Exenatide in acute ischemic stroke

Authors

  • Samantha C. Daly,

    1. Faculty of Medicine, Nursing and Health Sciences, Monash University, Melbourne, Vic., Australia
    2. Eastern Health Clinical School, Melbourne, Vic., Australia
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  • Thomas Chemmanam,

    Corresponding author
    1. Department of Neurosciences, Eastern Health, Monash University, Melbourne, Vic., Australia
    • Faculty of Medicine, Nursing and Health Sciences, Monash University, Melbourne, Vic., Australia
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  • Poh-Sien Loh,

    1. Department of Neurosciences, Eastern Health, Monash University, Melbourne, Vic., Australia
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  • Amanda Gilligan,

    1. Department of Neurosciences, Eastern Health, Monash University, Melbourne, Vic., Australia
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  • Anthony E. Dear,

    1. Eastern Health Clinical School, Melbourne, Vic., Australia
    2. Eastern Clinical Research Unit, Biotechnology Division, Monash University, Melbourne, Vic., Australia
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  • Richard W. Simpson,

    1. Department of Diabetes and Endocrinology, Eastern Health, Monash University, Melbourne, Vic., Australia
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  • Christopher F. Bladin

    1. Eastern Health Clinical School, Melbourne, Vic., Australia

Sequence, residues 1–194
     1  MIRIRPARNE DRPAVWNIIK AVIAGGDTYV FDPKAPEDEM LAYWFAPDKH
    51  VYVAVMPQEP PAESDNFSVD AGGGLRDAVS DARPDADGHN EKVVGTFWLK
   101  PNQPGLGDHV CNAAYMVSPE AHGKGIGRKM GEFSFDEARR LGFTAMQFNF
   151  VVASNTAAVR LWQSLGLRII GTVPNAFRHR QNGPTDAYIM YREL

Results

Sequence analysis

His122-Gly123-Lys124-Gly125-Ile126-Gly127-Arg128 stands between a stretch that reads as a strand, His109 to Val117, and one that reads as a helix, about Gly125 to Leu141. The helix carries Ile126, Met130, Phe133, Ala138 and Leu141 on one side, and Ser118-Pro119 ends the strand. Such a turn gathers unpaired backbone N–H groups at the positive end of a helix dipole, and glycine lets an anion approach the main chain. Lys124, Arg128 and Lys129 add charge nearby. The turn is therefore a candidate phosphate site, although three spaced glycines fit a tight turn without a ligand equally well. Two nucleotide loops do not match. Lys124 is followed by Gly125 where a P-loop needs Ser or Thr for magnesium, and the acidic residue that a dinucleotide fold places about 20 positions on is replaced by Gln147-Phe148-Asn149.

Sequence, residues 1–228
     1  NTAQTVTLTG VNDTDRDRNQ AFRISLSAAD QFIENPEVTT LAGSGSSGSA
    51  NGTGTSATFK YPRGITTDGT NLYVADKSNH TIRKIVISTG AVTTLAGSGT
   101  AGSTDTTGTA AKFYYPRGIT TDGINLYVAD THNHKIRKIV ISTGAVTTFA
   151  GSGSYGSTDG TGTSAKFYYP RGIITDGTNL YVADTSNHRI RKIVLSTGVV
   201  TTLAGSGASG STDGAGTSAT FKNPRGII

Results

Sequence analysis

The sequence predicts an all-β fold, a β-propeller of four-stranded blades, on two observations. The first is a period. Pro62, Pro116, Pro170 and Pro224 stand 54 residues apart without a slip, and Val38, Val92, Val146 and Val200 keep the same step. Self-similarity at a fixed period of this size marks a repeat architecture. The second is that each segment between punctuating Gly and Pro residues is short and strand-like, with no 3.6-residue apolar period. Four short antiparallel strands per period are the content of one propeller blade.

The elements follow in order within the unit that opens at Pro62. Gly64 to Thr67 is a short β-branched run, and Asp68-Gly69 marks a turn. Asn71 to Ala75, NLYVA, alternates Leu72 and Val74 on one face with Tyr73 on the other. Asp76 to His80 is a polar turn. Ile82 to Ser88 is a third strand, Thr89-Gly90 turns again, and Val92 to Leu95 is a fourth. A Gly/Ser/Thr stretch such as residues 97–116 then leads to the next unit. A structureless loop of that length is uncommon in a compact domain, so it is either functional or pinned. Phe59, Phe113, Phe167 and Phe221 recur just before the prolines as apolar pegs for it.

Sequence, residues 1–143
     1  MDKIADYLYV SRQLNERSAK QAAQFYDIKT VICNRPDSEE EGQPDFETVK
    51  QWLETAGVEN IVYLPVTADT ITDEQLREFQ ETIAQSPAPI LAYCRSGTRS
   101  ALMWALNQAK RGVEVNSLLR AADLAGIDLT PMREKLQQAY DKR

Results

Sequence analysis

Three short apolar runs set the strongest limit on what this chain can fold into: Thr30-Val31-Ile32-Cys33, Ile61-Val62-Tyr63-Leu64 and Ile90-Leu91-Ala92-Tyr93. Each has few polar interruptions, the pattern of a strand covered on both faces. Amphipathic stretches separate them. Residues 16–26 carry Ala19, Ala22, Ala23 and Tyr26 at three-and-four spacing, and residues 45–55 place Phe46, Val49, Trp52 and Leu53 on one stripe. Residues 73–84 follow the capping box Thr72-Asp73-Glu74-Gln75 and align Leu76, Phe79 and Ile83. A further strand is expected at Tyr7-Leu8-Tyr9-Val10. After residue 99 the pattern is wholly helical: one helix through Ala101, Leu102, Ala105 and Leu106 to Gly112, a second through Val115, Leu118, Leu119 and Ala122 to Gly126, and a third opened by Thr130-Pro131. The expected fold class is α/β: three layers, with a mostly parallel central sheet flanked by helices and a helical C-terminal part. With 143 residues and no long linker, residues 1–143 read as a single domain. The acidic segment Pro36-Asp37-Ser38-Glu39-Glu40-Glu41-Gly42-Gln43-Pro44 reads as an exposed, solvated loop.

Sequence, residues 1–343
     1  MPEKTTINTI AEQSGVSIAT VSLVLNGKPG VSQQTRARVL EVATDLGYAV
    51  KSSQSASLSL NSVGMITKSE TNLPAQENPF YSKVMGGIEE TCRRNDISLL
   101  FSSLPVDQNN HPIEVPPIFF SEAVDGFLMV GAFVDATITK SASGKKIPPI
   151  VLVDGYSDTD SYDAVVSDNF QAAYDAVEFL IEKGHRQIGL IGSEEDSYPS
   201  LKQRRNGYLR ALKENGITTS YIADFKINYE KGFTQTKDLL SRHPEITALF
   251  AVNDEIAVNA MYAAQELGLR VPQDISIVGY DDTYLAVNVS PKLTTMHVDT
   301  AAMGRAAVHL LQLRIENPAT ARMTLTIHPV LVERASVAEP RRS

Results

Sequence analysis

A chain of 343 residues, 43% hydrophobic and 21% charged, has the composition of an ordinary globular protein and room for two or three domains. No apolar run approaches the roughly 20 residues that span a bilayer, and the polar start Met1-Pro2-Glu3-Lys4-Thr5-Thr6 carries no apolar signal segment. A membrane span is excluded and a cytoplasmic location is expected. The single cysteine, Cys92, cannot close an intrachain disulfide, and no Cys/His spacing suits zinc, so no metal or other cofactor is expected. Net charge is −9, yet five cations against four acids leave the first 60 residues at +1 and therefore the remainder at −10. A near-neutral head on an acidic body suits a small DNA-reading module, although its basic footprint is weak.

2. Department of Neurosciences, Eastern Health, Monash University, Melbourne, Vic., Australia
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Correspondence: Thomas Chemmanam, Level 2, 5 Arnold St, Box Hill, Vic. 3128, Australia.

E-mail: thomas.chemmanam@easternhealth.org.au

Dear Editor

Poststroke hyperglycemia is associated with worse outcome, but trials using intravenous insulin have shown inconsistent results [1]. Exenatide, a synthetic glucagon-like peptide-1 receptor (GLP-1R) agonist, reduces blood glucose without causing hypoglycemia [2]. Moreover, in vitro and animal studies indicate that it may have a neuroprotective action [3].

Eleven patients (eight males, three females, median age 80 years, 49–84 years, two with history of diabetes, eight received tissue plasminogen activator) were recruited prospectively in a nonrandomized pilot study between 2010 and 2011. Exenatide, five-micrograms, was administered subcutaneously within 12 h of ischemic stroke onset and then twice daily for the duration of their hospital stay. Adverse events and finger-prick glucose levels were assessed during the hospital stay, followed by a three-month modified Rankin Scale.

Exenatide was started at a median time of nine-hours (4.17–11.5 h) after stroke onset and was continued for a median duration of six-days (one-eight days). There were no serious adverse events or deaths related to exenatide. Mild nausea (n = 6) and vomiting (n = 5) were common adverse events but were always successfully controlled within the first 24 h of starting antiemetics and did not lead to any other complications. There was no symptomatic hypoglycemia and the rate of hyperglycemia (defined as ≥8.6 mmol/l) was low (4.9%) (Fig. 1).

Figure 1.

Finger-prick glucose levels during exenatide treatment. Finger-prick capillary glucose levels from admission (prior to first dose of exenatide) to day 6. Horizontal lines show threshold for hyperglycemia (≥8.6 mmol/l) and hypoglycemia (≤4 mmol/l).

This is the first study of a GLP-1R agonist in human acute stroke patients. Exenatide, when administered with prompt antiemetic therapy, was safe and tolerable in acute ischemic stroke patients and did not worsen any patient's neurological or functional outcome. We recommend prophylactic antiemetic therapy when exenatide is given in the setting of acute stroke. Further trials are indicated to confirm the effectiveness of exenatide in controlling poststroke hyperglycemia.

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